Commercial mediation in Italy
Mediation is obligatory before filing a claim in relation to certain disputes, including insurance and financial agreements. The mediator has a best efforts obligation to assist parties to reach an agreement and, if an agreement is not reached, the mediator can draw up a settlement proposal. If the parties fail to reach a settlement, this may result in adverse costs consequences in proceedings. The general rule is that the losing party pays the winning party’s costs but if the judge’s decision is effectively the same as the mediator’s proposal, which the winning party rejected, that party may not recover its costs.
What is the status of mediation in this jurisdiction?
How is a mediation conducted?
A mediation established under the Decree may be brought before any of the mediation organisations listed in Article 16 of the Decree and the procedure will follow the rules applied by the organisation chosen by the parties.
The mediator(s) shall be appointed by the organisation chosen by the parties.
Save for the cases of mandatory mediation procedures, parties do not need to be legally represented, although the participation of their legal representatives is strongly recommended by the Italian Bar Association.
Once a request for mediation has been filed, the mediation proceedings must be completed within a three-month period.
The appointed mediator has to use his best efforts to assist the parties to reach an agreement. If an agreement is not reached or should the parties request the mediator to do so, the mediator himself can draw up a settlement proposal. The parties then have seven days to decide whether or not to accept the mediator’s proposal.
There are costs consequences in the event that this proposal is rejected and the case goes to trial (please see below). The costs of mediation will vary depending on the amount in dispute and on whether the parties have chosen a private or a public mediation body. Mediation is free of charge for any party who is exempt from court fees under Italian law.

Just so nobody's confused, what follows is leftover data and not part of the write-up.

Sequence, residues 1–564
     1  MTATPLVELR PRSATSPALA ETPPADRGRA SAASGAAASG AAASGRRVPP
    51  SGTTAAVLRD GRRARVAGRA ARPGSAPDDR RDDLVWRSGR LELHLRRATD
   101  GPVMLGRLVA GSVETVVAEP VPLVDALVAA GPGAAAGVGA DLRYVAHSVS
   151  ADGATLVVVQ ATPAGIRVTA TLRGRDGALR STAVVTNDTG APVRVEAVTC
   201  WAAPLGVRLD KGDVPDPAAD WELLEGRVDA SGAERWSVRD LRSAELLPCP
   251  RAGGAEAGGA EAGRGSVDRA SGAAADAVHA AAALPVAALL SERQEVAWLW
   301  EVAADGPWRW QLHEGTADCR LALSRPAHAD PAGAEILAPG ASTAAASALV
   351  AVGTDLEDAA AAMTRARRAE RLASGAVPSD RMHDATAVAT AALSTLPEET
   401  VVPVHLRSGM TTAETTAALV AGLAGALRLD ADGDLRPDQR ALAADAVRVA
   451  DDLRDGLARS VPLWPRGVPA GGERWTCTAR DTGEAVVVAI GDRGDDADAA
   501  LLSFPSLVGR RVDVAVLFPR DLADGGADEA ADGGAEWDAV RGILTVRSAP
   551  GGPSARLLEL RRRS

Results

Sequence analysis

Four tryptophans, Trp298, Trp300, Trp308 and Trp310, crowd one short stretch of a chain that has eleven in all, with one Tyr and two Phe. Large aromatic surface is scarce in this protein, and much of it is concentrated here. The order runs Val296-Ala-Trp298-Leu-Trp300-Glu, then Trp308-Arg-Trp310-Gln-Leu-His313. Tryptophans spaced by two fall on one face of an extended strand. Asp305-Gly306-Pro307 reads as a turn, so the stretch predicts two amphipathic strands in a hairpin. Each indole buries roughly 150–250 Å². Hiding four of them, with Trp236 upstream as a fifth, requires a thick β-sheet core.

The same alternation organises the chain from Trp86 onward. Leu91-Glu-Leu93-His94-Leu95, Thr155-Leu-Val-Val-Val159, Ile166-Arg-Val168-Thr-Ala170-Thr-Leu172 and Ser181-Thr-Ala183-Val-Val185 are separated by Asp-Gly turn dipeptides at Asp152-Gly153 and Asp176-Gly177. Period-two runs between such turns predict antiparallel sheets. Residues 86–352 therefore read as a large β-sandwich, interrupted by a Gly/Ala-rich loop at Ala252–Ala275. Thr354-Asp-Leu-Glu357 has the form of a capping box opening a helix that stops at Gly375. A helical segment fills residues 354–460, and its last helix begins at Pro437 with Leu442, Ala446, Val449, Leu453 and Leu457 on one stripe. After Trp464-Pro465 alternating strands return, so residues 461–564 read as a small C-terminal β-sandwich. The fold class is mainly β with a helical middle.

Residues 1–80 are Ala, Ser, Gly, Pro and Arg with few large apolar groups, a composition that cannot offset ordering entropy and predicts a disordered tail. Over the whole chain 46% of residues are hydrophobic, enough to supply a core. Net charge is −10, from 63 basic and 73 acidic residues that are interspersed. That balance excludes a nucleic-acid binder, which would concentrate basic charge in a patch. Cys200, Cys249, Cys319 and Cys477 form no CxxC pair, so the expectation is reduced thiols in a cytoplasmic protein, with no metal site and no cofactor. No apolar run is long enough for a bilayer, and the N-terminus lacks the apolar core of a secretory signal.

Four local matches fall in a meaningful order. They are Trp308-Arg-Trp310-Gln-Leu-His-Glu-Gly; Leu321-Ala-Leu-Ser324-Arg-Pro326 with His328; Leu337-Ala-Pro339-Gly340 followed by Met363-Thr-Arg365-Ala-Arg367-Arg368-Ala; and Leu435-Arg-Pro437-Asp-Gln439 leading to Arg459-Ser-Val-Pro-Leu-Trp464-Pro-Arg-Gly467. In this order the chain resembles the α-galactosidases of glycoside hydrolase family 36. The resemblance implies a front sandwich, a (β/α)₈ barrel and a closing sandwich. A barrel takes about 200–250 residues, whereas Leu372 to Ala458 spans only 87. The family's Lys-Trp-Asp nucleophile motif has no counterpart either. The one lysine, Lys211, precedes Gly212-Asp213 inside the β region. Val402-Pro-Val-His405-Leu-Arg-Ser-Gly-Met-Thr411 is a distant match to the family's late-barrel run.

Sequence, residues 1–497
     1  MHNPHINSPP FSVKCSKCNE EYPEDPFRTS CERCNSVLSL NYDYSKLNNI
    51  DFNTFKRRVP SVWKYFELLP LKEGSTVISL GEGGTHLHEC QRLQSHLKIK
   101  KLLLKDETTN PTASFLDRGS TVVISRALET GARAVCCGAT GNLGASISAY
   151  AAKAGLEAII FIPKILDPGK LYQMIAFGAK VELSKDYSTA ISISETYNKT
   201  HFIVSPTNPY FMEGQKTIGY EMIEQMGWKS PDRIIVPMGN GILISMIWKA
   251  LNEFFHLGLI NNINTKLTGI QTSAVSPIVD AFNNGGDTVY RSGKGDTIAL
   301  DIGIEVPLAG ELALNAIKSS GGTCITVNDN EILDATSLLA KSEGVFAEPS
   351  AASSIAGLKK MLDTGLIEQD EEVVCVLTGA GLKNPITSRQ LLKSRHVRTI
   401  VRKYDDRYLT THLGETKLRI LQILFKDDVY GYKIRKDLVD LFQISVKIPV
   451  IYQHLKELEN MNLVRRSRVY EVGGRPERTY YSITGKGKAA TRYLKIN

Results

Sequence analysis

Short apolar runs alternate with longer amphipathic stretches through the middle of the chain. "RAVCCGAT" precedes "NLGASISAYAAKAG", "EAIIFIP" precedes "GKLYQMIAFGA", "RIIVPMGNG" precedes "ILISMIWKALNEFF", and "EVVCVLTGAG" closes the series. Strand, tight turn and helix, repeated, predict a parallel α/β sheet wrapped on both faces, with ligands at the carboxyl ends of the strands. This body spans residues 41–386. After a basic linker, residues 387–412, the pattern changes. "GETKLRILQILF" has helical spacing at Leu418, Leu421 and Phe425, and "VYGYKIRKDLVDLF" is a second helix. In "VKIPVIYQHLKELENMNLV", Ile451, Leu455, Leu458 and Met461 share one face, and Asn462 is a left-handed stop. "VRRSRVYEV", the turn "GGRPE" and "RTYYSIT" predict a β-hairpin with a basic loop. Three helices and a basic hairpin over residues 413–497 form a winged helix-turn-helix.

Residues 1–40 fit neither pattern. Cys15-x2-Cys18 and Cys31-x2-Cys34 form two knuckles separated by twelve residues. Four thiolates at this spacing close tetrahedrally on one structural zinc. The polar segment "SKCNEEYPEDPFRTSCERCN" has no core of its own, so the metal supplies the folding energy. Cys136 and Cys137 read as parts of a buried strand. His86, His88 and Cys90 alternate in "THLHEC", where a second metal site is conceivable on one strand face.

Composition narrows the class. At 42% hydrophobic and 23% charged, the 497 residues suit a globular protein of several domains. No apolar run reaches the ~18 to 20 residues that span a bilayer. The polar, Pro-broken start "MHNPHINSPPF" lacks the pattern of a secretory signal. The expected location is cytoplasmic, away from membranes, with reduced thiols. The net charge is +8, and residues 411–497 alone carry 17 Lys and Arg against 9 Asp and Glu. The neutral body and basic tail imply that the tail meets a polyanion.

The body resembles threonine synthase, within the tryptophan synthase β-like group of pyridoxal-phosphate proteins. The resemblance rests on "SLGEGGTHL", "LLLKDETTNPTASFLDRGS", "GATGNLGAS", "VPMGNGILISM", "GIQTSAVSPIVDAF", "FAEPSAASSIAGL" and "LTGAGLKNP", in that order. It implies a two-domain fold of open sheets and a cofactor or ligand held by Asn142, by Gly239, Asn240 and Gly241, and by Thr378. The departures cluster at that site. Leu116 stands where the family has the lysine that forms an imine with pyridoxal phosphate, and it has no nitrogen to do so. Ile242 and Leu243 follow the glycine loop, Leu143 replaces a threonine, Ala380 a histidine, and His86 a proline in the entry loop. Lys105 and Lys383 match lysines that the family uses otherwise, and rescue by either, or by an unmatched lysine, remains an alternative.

Is there any obligation on litigants to mediate?
The Decree provides for a statutory obligation to mediate for any disputes in relation to insurance, banking and financial agreements as well as other matters such as rights in rem (“diritti reali”), division of assets, inheritance, family arrangements (“patti di famiglia”), leases in general, gratuitous loans, leases of going concerns, medical liability or certain kinds of defamation/libel. In such cases, mediation has to be attempted before court proceedings are commenced. Should the claimant fail to pursue mediation proceedings, the claim is barred from continuing further and the failure may be raised by the defendant, or by the judge himself at the first hearing. However, should mediation fail, the claim may proceed to court litigation.
Furthermore, Italian law provides for alternative mediation procedures (which pre-date the Decree ) in relation to some of the abovementioned matters. In these cases, the claimants will have the option of using either the procedure as set out in the Decree or the alternatives.
Rules and regulations contained in the Decree may also apply to any civil and commercial litigation regarding matters other than those listed above, which the parties choose to delegate to a mediator.
Does the court have powers to support a mediation?
Are mediations confidential?
Does failure to mediate attract cost consequences?
At the time of their appointment, lawyers must inform their clients about: (i) the possibility of using mediation as an alternative form of dispute resolution; (ii) the potential cost advantages of proposing mediation; and (iii) the circumstances in which it is necessary to undertake mediation before claims may be commenced at court (“condizione di procedibilità”).
If the parties fail to reach a settlement, then this may (subject to certain conditions) result in adverse costs consequences in any subsequent proceedings before the court.
The general rule in Italian court proceedings is that the losing party pays the winner’s costs. However, if the judge’s decision is effectively the same as the mediator’s proposal and the winning party had failed to accept that proposal, that party may not recover its costs and may have to pay the losing party’s costs and also pay other fees equal to the “contributo unificato”. Even if the judge’s decision does not match the mediator’s proposal exactly, the judge still has the discretion to take this approach.
How are settlement agreements enforced?
Is there a system of accreditation and/or regulatory body for mediators?
Yes. The Decree allows public and/ or private bodies to establish mediation organisations, which must be registered with the Italian Ministry of Justice.
In addition, Italian bar associations can set up mediation organisations in each court of justice, and chambers of commerce and professional councils can establish mediation organisations under the provisions of the Decree for certain specific matters. These mediation organisations also need to be registered with the Italian Ministry of Justice before commencing operation.